The Vatnajökull glacier is by far the largest glacier found in Iceland.
With its 14,000 square kilometers, she covers much of the southwest of the island.
You'll find the glacier about a five-hour drive from Reykjavik (in summer)!).
As with any glacier, the Vatnajökull also melts, and this has resulted in several lakes that can be found at its foot.
In this photoblog I would like to introduce you to two of the lakes: Hoffelsjökull and Jökulsárlón.
A small but beautiful glacier lake.
In the photo above, you can see a small piece of the Vatnajókull glacier, actually from one of the foothills, which come out in the Hoffelsjökull Lake.
The lake is north of Höfn (pronounced: Hob), on road number 984.
At the end of this road you will also find a hotpot, a natural spring heated bath, as you will find many in Iceland.
When you drive through something, you'll get to the lake. The road is gravel, it is wise to do this with a 4x4 car!
When you're near the lake, you can park your car.
From there you have to up a hill to get to the real lake.
It's worth the climb, the view is beautiful!
The lake is quite large, and at the time we were there, several ice floes drifted into the lake.
Please note: depending on the temperature, the lake can also be completely smooth.
The ice in the lake is not neat white, on the contrary: it is often gray and even black.
One particular ice floe caught my attention.
The glacier tongue is clearly visible.
The fact that a glacier lake can be a dangerous area is made clear with signs:
Fortunately, the area of the lake was easy to pass for us, and I didn't slump into the sand at this lake (where then? You read that here .)
I especially enjoyed the sound of the little ice chunks that swell on the water in this lake.
My phone then only recorded sound with a video, so: sound on.
One of Iceland's most famous glacial lakes.
When you follow the road number 1 (the ring road) of Iceland towards the east, you will reach Jókulsárlón, Iceland's most famous glacial lake after about five hours.
Jökulsárlón is also the largest and deepest glacial lake in Iceland.
The lake is about 23 square kilometres in size and nearly 250 metres deep.
It has grown so big in your 30s of the last century, by melting the glacier.
Consequence: a tourist attraction was born.
Nowadays, on road 1 you'll find a large (free time of writing) parking, from where you can easily walk to the glacier lake.
Boat trips can be enjoyed on the lake, and you can hike there.
Take into account a stone beach, which is rather irregular. I recommend mountain boots.
The glacial lake is so popular because of the various icebergs that float there: chipped pieces of glacier.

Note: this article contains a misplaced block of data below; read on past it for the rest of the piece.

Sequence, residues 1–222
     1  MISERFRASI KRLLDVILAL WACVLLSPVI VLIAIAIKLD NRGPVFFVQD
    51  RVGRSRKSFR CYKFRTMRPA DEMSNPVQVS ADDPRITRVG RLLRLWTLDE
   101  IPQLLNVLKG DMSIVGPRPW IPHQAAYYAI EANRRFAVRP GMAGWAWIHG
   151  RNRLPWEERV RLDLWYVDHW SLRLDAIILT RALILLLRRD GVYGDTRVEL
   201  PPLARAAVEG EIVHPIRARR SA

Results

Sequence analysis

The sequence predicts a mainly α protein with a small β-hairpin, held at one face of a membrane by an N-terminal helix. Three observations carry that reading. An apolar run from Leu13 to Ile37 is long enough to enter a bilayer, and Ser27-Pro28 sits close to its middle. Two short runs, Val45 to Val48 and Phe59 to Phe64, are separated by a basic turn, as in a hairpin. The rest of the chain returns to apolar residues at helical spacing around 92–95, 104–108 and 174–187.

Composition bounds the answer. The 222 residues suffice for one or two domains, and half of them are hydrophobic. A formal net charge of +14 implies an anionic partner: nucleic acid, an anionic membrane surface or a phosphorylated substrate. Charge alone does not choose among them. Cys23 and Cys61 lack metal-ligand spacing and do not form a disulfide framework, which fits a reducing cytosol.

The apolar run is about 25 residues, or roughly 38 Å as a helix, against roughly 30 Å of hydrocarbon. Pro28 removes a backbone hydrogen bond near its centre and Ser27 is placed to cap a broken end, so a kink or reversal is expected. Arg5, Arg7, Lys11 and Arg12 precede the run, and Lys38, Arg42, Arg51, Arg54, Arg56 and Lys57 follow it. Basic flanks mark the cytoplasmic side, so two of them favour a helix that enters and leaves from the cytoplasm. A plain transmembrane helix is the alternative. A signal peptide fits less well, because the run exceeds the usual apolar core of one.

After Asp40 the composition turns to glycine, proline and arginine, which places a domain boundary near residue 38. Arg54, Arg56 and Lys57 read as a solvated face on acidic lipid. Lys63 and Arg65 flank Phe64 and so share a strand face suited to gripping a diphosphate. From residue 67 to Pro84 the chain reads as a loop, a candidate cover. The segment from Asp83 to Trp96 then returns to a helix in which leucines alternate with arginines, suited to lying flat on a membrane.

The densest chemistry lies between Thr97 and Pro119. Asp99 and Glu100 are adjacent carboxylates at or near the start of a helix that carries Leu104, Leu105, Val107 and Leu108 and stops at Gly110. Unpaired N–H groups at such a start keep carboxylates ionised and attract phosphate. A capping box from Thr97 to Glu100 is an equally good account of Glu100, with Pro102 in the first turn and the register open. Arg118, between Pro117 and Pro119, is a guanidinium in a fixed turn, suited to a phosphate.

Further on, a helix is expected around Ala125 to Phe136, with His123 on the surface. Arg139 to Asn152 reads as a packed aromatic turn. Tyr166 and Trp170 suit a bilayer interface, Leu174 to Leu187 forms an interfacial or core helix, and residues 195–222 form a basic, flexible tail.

Those icebergs are melting further in the lake, and now float to sea.
I surrender the image to the lake.
Jökulsárlón is different every day, due to the ever-breaking glacier chunks, and floating ice.
That ice cream is beautiful to see, and invites you to take many, many photos, as you'll understand.
It also invites a number of people to stand ON the ice floes.
DON'T DO THIS IN GOD'S NAME!!!!!!!
The ice floes float and float towards the sea.
They're also unpredictable and can just tilt, and then you don't get the chance to swim away.!
And even if you wouldn't end up under an ice floe, the water is so cold that you're instantly under cooling.
When we were there, someone was so snugger to stand on an ice floe.
He drifted. He threw his shoes, sweater and long pants on the beach, and he had to go into the cold water.
He made the side but didn't get a warm welcome!
Fortunately, there are many positive things as well: the ice floes are very photogenic:
The ice floes float to the sea, which is pretty fast, as you can see in the video below:
A little bit from the glacial lake is a beach, where you can often see ice floes, this beach has been nicknamed diamond beach, because of the many ice chunks that often shine in the sun. Come early in the day for that, otherwise they will be melted!
Diamond beach is seen as one of the most photogenic places in the world.
We were late in the day at Diamond beach, which meant that there were not many “diamonds” left to be found, but we also enjoyed the area.
There are many glacial lakes around Jökulsárlón, and the glacier itself is so huge that you can't miss it.!
In my opinion, the lakes around Jökulsárlón are almost even more beautiful than the largest lake itself, because it is often much quieter there, sometimes even simply quiet.
But: do you come close: don't skip Jökulsárlón! You must have seen it at least once.